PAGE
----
By Kathryn Carter, Dr. Wendy McFadden-Smith and Amanda Green, OMAFRA
The hot weather has continued to push degree day accumulations (GDD) forward and as of May 25, 2020 the GDD from this year are now ahead of last year’s growing degree day accumulations. The GDD accumulations for 2020 (base 5 °C) for the Niagara Parkway South area are 365 GDD, as compared to the 6 year average (2014-2019) of 411 GDD.
Day time high temperatures over the past week have ranged between 16 to 31 °C. Currently the long range forecast for Niagara is calling for June to have normal temp and precipitation except a bit hotter and drier next week. July is expected to have normal to slightly hotter temperatures with normal precipitation. August is expected to have normal temperatures and precipitation.
Tender Fruit and Fresh Grape
Storms on Tuesday June 2 resulted in heavy rains and hail damage in some crop growing regions. Hail damage is expected to be less in the Vineland and Jordan areas. However, there are reports of more significant damage in the Fonthill area where the hail was more severe. The extent of the hail damage has yet to be determined.
In Niagara and southwestern Ontario apricots, plums, peaches and nectarines are sizing up nicely with the warm weather we have been having. We are seeing some strange pigmentation in peaches and nectarines that likely is a result of the cold temperatures/frost experienced in May (Figure 1). Pears have set fruit, but there is some rat tail bloom in orchards. Fresh grapes range from 30-40 cm of growth.
Pruning and planting of tender fruit trees continues. For orchards that have experienced significant crop loss due to frost, it may be of benefit to delay pruning, to help mitigate the excessive vigour caused by the reduction in crop. However, in orchards where structural damage occurred (ie. due to the cold temperatures in November), it would be of benefit to prune injured trees earlier, to allow adequate time for regrowth and training the replacement structure.
Figure 1 Peaches with different colour pigmentation (Courtesy of Joe Dutchyn)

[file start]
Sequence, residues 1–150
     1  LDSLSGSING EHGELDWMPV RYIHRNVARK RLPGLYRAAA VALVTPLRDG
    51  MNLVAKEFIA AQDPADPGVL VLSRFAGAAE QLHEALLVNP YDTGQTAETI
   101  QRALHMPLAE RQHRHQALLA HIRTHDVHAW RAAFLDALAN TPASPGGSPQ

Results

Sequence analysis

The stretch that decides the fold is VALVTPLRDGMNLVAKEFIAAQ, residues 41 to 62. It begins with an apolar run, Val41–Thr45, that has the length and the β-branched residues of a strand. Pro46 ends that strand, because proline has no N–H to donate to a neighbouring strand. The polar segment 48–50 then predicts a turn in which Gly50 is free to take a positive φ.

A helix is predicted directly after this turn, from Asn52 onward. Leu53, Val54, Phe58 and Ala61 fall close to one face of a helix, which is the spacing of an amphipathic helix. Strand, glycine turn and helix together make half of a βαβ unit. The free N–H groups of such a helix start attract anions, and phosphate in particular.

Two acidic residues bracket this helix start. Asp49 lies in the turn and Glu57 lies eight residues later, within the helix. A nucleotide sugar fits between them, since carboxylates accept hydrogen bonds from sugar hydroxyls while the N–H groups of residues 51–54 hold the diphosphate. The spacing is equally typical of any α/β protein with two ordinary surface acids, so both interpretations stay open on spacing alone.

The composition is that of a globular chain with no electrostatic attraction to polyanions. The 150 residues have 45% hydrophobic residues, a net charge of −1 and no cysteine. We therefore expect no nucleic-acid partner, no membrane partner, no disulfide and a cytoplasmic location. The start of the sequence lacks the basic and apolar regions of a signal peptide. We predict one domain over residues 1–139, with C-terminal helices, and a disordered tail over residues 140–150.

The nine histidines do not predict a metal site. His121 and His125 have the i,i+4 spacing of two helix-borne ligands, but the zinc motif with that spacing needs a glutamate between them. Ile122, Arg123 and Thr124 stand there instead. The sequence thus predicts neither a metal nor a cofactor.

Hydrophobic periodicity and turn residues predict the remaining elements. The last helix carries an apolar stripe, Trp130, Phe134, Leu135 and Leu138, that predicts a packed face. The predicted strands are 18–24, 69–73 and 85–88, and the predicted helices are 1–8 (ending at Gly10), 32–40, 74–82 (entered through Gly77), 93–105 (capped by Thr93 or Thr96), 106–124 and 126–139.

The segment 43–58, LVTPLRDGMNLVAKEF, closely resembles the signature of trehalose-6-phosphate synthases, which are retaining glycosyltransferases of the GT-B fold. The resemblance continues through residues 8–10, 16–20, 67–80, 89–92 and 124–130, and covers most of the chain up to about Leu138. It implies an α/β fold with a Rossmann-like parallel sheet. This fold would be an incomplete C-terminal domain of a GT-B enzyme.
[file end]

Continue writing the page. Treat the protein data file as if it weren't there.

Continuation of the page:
Pear Thinning and Size Enhancement
Applications of 6-BA (active ingredient in Cilis Plus and MaxCel) can be applied now for size enhancement and at 5-14 mm diameter for fruitlet thinning. The MaxCel and Cilis Plus labels are slightly different from each other for pear thinning and size enhancement.
- With MaxCel for fruitlet thinning, sizing and enhanced return bloom, apply 50-200 ppm at 8-14 mm fruitlet diameter and do not apply more than twice per season.
- With Cilis Plus for fruit size enhancement, apply 2-4 applications of 10-50 ppm starting at petal fall continuing at 3-to10-day intervals. For fruitlet thinning apply 1-2 applications of 50-200 ppm at 5-10 mm in fruitlet diameter.
Fire blight risk was high for hail injury following a week of extreme risk for blossom infection. Fire blight strikes showing up now.
Storms on Tuesday June 2 resulted in heavy rains and hail damage in some crop growing regions. Hail damage has been reported in Vineland, Jordan and the Fonthill area. The hail occurred pre-bloom, and the extent of the damage is expected to be minimal.
Vitis vinifera cultivars in range from 10-20 cm of growth with clusters apparent on many varieties (Figure 2). Vineyard planting is continuing and shoot thinning and suckering has begun.
Figure 2 Marquette, Simcoe, ON June 3, 2020 (Courtesy of Steve Buehner)
Erineum mite and Phylloxera are starting to show up in Vineyards. Adult mealybugs were found this week.
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